Single-Nucleotide Polymorphisms Interact to Affect ADH7 Transcription
The class IV alcohol dehydrogenase (ADH7, μ-ADH, σ-ADH) is important in the metabolism of ethanol and retinol. ADH7 is the only ADH not expressed in liver, instead being expressed mainly in the upper gastrointestinal tract. Genome-wide studies have identified significant associations between single-nucleotide polymorphisms in ADH7 and alcoholism and cancer, but the causative variants have not been identified.
In vitro studies of gene expression by transient transfection into cell lines that express endogenous ADH7 (CP-A cells) and that do not (HepG2 cells).
We have identified transcriptional regulatory elements of ADH7 and observed differences in the effects of variants on gene expression in CP-A cells and HepG2 cells. Two haplotypes of the proximal promoter that differ in a single nucleotide at rs2851028, A7P-G and A7P-A, have different transcriptional activities. There is an interaction between variants farther upstream and these proximal variants: Upstream regulatory sequences generally showed a greater increase or smaller reduction in activity when combined with the A7P-A promoter than with the A7P-G promoter. A sequence located 12.5-kb upstream (7P10) can function as an enhancer. In CP-A cells, both haplotypes of 7P10 increased A7P-A activity by 2.5-fold while having only 1.2-fold effect on A7P-G. In HepG2 cells, the 7P10-TTT haplotype had no effect on the A7P-A promoter but decreased A7P-G promoter activity by 50%, whereas the CTT haplotype increased A7P-A activity by 50%, but had no effect on A7P-G.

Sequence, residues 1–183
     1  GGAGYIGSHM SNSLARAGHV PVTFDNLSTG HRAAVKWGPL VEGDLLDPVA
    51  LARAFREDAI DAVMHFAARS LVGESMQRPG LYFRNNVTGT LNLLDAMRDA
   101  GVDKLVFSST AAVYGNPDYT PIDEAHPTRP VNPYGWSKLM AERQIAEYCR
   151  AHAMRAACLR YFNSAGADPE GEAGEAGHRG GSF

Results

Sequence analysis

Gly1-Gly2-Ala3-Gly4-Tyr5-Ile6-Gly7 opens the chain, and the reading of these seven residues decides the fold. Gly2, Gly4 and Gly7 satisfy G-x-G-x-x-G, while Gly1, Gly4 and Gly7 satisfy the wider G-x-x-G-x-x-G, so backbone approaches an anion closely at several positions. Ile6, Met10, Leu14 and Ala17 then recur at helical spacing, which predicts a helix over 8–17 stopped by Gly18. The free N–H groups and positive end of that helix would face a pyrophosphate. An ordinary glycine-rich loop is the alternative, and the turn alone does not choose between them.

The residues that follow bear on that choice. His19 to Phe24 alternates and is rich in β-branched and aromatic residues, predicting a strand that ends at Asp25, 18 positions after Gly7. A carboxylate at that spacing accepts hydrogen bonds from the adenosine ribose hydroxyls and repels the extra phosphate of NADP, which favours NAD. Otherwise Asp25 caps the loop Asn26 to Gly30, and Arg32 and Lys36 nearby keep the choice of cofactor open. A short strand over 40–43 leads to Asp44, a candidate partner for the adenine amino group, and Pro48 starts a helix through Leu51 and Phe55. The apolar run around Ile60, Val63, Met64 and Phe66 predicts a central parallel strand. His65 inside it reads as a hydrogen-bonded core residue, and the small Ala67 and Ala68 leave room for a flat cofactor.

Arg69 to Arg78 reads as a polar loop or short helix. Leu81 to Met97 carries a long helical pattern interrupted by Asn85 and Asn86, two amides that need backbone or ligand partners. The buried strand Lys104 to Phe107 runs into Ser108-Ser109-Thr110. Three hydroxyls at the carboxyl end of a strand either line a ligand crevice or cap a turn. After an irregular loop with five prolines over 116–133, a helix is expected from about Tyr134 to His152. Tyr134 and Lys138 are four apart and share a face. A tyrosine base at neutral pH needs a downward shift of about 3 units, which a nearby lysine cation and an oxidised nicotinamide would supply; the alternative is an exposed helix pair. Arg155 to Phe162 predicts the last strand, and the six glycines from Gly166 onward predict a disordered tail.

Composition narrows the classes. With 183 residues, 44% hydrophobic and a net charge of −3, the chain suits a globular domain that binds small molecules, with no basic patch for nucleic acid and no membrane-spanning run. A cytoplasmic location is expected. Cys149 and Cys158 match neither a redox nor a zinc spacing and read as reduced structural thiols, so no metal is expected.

These complex interactions indicate that the effects of variants in the ADH7 regulatory elements depend on both sequence and cellular context and should be considered in interpretation of the association of variants with alcoholism and cancer.